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What can fans expect at World Cup in Qatar?

What can fans expect at World Cup in Qatar?

Qatar is poised to host the first World Cup in the Middle East in the tournament's 92-year-history and the first during the Northern Hemisphere winter.

Almost all of the three million tickets available have been sold with the country expecting 1.2 million visitors for the tournament, which takes place from 20 November to 18 December.

Qatar is the smallest host nation in World Cup history, with a population of around three million living in an area approximately half the size of Wales.

It will be a compact event with the eight stadiums separated by roughly an hour's drive and 43 miles at most, with 110 metro trains and 4,000 buses to ferry fans around.

It will be a different World Cup in many ways, so what can supporters expect?

Almost all of the three million tickets available have been sold with the country expecting 1.2 million visitors for the tournament, which takes place from 20 November to 18 December.

Qatar is the smallest host nation in World Cup history, with a population of around three million living in an area approximately half the size of Wales.

It will be a compact event with the eight stadiums separated by roughly an hour's drive and 43 miles at most, with 110 metro trains and 4,000 buses to ferry fans around.

It will be a different World Cup in many ways, so what can supporters expect?


How many fans are going?


About 3,000 to 4,000 England fans are expected to travel to Qatar for the group stages, with numbers set to increase should Gareth Southgate's side reach the knockout stages.

An estimated 2,000 to 3,000 supporters will fly out to follow Wales, who are playing in their first World Cup since 1958.

Ashley Brown, the Football Supporters' Association head of supporter engagement, says the "big unknown" is the number of British expats, with "more than 20,000 British passport holders in Qatar and probably over 100,000 overall in the region".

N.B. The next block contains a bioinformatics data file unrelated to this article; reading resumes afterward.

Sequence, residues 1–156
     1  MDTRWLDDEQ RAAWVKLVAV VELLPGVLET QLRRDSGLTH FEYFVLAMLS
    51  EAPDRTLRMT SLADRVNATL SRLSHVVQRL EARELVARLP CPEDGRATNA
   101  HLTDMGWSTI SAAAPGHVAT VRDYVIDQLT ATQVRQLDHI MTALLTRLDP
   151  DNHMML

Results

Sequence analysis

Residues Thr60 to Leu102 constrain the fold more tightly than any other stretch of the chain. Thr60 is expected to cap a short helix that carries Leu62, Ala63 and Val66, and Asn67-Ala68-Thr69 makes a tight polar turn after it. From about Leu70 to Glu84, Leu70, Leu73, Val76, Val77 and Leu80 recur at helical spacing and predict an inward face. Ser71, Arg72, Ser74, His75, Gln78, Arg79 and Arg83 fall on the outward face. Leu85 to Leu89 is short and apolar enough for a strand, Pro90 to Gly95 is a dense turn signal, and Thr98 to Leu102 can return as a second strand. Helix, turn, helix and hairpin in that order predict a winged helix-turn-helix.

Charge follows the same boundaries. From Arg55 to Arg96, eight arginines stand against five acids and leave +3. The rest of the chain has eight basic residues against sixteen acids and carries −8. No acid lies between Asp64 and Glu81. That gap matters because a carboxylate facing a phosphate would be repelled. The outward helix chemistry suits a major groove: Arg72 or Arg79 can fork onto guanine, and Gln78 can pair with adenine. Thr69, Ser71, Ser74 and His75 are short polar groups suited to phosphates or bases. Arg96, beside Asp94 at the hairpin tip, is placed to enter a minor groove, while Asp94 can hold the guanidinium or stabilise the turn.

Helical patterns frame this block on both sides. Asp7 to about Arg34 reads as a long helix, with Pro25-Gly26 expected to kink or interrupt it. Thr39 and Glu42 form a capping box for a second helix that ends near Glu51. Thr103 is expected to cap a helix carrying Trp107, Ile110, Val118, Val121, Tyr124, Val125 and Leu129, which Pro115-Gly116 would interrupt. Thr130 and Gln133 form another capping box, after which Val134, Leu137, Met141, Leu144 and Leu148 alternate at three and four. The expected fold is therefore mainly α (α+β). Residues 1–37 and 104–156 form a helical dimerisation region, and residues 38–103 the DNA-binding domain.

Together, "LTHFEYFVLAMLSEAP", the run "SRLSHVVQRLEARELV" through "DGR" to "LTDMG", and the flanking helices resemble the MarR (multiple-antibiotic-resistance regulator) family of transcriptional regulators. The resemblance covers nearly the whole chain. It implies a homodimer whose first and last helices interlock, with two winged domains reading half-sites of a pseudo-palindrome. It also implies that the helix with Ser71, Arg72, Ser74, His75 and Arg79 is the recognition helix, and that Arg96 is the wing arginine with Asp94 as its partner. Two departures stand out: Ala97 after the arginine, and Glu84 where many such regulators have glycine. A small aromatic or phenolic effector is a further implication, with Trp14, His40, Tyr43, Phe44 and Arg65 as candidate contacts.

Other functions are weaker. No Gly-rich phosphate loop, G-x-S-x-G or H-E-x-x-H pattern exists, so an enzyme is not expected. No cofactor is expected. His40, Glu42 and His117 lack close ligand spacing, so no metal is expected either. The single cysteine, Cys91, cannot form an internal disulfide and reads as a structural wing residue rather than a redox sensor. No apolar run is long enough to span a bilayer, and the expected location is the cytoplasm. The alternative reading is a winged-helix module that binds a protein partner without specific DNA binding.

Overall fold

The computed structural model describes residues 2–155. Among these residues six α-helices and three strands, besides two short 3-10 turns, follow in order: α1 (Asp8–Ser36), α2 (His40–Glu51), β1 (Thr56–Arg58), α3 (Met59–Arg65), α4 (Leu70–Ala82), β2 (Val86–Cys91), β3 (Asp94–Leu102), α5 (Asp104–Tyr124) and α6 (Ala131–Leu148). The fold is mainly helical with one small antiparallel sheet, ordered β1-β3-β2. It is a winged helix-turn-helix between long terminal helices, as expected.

Brown says England fans are not travelling in the same numbers as previous tournaments because of the costs involved, while the timing of the World Cup - outside of the usual summer school holidays - will "impact the ability of families to attend".

"For a lot of people Qatar doesn't sound like an exciting place to go, it's not a typical holiday destination, lack of alcohol availability, cost of getting there, cost when you're there, it's put a lot of people off," added Brown. "The cost of living absolutely plays a part in that."

Paul Corkrey, of the Football Supporters' Association Cymru added: "We took 50,000 to the 2016 Euros in France so the response has been muted mainly because of the location and time of year it is being played."

Tournament organiser Fifa has issued a top-10 list of ticket sales by country of buyers, with Qatar on top and England fourth.

It has not released a breakdown of figures by nation, or how many have been allocated to sponsors or local residents.


Where are fans staying and how much will it cost?


Apartments, hotel rooms, desert camping, villas, fan villages - and even cabins on moored cruise ships have been made available.

But some fans have complained of limited and expensive accommodation options.

Organisers are making 30,000 extra rooms available, which they say is the equivalent of one million nights and will help provide 130,000 rooms in all, including 9,000 beds in fans villages - big tents and metal cabins - 60,000 rooms in apartments and villas, 50,000 in hotels and 4,000 rooms in two cruise ships which will remain docked for the tournament.

However, it remains unclear whether that will be enough to meet demand.

The refabricated cabins at so-called fan villages built in the desert on the outskirts of Doha have attracted media attention and are being sold as a budget option. They are priced at $207 (£184) per night for two people.

Accommodation in the fans' village has been described as resembling shipping containers